And relax. It has been a nail-biting few months for the nation’s homeowners. May brought the biggest month-on-month drop in house prices since February 2009, so Nationwide data showed, and June was almost as bad. Come August and all is forgotten. Prices are at a new all-time high. They rose last month at their fastest pace in 16 years. 

Enjoy the calm — and the stamp duty holiday — while it lasts. Housebuilder Barratt Developments certainly is. On Wednesday boss David Thomas was the latest in the sector to strike an upbeat tone as the group revealed full-year results. 

Numbers for the year to June did not give much cause for cheer, with pre-tax profits down almost 50 per cent and completions down 30 per cent. But given the circumstances, figures for the new financial year look much more promising: up to 15,000 completions for the year ahead and about that number of forward sales already in the order book. 

True, that is well below the roughly 18,000 Barratt planned to complete in the 12 months to June 2020 before lockdown shut the housing market and slowed construction. But it is still decidedly better than the 12,000 the company ultimately managed.

More striking is Barratt’s reiteration of its commitment to 20,000 completions a year “over the medium term”. After the financial crisis, Barratt kept trimming completions for years. Not until 2012 did it start to increase volumes again. Boris Johnson may want groups to “build, build, build”, the slogan for his planning reform. But Barratt could be forgiven for wanting to “wait, wait, wait” and see instead. 

Turbulence will almost certainly return to the housing market, when the stamp duty holiday ends and the Help to Buy scheme starts tapering off after March. There are reasons to think Barratt should prosper nonetheless. The housing shortfall endures. Help to Buy does not end entirely until 2023, providing a prop in the meantime. For the 16 per cent of Barratt’s buyers who used the scheme last year but will not be eligible after March — including existing homeowners — part exchanges should soften the impact. Through the stamp duty holiday and planning proposals, the government has shown its willingness to continue supporting the sector. 

Look to Barratt’s dividend, though, for the real confidence gauge. Rival Persimmon has reinstated its payout, at a reduced level. Barratt has held off so far. Reinstating that, not the latest house price figures, will be the sign its investors can celebrate.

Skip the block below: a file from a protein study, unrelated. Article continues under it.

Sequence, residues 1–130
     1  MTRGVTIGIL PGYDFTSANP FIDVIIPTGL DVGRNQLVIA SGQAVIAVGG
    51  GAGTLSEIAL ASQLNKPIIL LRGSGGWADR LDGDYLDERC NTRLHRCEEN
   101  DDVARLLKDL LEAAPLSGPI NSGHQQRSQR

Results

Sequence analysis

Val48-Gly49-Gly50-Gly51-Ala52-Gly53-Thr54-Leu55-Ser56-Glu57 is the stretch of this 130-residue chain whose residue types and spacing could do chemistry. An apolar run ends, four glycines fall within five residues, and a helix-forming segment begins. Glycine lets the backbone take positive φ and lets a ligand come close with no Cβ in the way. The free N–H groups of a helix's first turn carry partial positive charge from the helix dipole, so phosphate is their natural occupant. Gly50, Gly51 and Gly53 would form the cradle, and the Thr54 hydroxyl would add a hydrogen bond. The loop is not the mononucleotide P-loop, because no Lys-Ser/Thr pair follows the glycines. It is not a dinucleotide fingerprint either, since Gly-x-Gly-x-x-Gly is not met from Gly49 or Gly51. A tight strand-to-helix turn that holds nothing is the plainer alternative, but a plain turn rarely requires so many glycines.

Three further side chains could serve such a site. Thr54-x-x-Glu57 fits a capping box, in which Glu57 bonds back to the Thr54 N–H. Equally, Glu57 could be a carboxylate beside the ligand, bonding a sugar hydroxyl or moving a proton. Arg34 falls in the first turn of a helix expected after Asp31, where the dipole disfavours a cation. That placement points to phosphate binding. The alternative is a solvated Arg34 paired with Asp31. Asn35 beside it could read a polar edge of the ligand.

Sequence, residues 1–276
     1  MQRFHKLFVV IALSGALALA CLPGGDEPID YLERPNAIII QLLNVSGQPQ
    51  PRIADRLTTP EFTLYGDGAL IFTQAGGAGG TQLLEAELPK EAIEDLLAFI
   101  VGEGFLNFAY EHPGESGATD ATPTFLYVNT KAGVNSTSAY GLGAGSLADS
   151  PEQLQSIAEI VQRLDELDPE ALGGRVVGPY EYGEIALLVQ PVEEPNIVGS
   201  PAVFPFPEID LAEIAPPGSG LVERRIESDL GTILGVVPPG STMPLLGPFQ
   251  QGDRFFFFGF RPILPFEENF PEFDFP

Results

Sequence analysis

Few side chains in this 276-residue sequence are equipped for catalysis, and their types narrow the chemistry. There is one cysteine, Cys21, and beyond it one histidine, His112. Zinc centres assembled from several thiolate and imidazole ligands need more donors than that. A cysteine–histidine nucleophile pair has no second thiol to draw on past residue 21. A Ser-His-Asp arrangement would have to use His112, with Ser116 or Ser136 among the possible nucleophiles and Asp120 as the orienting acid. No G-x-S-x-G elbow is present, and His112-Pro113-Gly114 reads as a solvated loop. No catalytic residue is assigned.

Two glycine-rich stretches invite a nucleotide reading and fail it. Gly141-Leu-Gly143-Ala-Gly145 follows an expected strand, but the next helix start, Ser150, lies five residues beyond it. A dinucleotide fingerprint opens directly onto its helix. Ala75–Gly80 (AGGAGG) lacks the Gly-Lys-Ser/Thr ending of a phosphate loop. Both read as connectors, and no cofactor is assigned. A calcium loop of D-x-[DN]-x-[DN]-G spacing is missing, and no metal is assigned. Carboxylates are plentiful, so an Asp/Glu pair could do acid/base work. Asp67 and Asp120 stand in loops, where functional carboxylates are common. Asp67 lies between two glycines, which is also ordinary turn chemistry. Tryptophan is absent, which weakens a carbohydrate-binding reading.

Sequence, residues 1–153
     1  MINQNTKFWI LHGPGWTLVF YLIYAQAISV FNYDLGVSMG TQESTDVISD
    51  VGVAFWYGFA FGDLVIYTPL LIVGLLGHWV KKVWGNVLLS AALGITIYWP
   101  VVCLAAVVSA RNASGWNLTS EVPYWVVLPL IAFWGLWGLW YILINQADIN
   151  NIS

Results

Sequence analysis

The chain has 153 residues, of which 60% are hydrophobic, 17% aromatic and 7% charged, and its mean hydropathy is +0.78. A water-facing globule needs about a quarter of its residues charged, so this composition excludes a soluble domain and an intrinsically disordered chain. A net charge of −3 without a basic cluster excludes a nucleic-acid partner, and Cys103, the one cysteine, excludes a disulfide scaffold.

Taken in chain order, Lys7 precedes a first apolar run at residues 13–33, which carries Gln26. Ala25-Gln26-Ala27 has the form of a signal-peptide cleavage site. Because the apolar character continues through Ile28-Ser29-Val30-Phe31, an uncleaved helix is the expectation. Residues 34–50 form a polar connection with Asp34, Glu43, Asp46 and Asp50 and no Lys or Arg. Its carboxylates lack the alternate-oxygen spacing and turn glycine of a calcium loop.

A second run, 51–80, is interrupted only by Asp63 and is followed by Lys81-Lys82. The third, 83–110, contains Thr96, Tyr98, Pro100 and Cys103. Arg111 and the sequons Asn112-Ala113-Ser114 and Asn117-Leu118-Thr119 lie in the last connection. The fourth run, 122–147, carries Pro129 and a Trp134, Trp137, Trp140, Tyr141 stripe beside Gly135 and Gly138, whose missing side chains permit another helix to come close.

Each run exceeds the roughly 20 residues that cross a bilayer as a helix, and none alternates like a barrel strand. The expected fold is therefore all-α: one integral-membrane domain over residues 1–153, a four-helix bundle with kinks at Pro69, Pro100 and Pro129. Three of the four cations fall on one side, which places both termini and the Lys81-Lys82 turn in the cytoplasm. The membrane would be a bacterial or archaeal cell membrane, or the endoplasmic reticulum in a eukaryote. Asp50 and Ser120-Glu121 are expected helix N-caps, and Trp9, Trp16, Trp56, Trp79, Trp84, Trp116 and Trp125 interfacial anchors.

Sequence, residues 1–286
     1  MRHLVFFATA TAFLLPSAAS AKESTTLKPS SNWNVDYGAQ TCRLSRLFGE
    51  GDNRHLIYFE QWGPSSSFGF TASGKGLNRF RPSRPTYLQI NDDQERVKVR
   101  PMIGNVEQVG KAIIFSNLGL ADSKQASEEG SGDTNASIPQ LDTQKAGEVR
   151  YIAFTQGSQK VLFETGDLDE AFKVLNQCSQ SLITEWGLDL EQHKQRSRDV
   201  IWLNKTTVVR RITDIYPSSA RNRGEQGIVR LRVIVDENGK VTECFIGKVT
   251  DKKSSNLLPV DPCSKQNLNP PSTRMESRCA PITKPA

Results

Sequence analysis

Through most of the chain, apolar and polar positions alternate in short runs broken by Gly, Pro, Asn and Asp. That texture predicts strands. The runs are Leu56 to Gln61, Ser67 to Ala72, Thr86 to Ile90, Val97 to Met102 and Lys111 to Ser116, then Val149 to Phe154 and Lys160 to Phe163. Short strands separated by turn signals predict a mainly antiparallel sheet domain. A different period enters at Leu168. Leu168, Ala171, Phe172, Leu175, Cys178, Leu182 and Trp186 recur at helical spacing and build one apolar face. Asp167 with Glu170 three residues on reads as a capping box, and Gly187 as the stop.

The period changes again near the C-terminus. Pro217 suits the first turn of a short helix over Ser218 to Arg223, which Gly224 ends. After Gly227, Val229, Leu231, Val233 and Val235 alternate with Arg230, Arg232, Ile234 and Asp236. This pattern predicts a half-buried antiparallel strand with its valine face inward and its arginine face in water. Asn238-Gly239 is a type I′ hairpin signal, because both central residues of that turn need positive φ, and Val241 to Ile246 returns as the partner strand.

Pendragon plans to motor away

Lombard would like a flash new sports car — a Porsche would do at a push. Bill Berman, chief executive of car dealer Pendragon, already has forecourts full of fancy motors under the Evans Halshaw and Stratstone brands. What he wants is underlying pre-tax profits of between £85m and £90m by 2025. 

At first glance, the two desires seem equally improbable. At the top end, Mr Berman’s target is almost 20 per cent above Pendragon’s previous peak in 2016. It is roughly twice as good as performance in 2018, the year before Pendragon went off the rails

On closer inspection, though, Mr Berman’s wish is not entirely implausible (unlike Lombard’s). The steps he proposes to turn round the dealer are sensible, even. They rely on improving margins, not ramping up volumes — logical, since a surplus of stock helped push Pendragon to a loss last year. 

As permanent boss since February, Mr Berman has already embarked on a cost-cutting plan in Pendragon’s UK franchise dealerships, shutting sites and slimming sales teams to improve efficiency. Plans to improve online sales and make better use of back-office tech are equally rational. So is sorting out Pendragon’s standalone used car business. 

Easy to say, less easy to do, though. There will be plenty of competition to Mr Berman’s digital ambitions. He is far from the first to talk up “disrupting” the fragmented used car market: start-up Cazoo secured itself a $1bn valuation in June with a similar pitch. And while some of Pendragon’s problems can be chalked up to previous management errors, there are significant structural challenges facing the industry as well. 

Pendragon’s investors should take heart that Mr Berman is making the right moves to reverse years of share price decline. Just don’t get too carried away yet. 

Dumbbells at the ready

Britons were a sedentary bunch in lockdown, settling in for six-and-a-half hours a day of video viewing. But results from the Gym Group on Wednesday suggest all is not lost for the nation’s fitness. Though a quarter of the low-cost group’s members quit between March and the time gyms reopened in July, the number of new joiners in the five weeks since is up 30 per cent year-on-year. Visits per member have returned to last year’s levels. January, not August, is usually the month for gym-joining, though. Gym Group has to hope Brits’ exercise enthusiasm is more enduring than the usual New Year’s bump.

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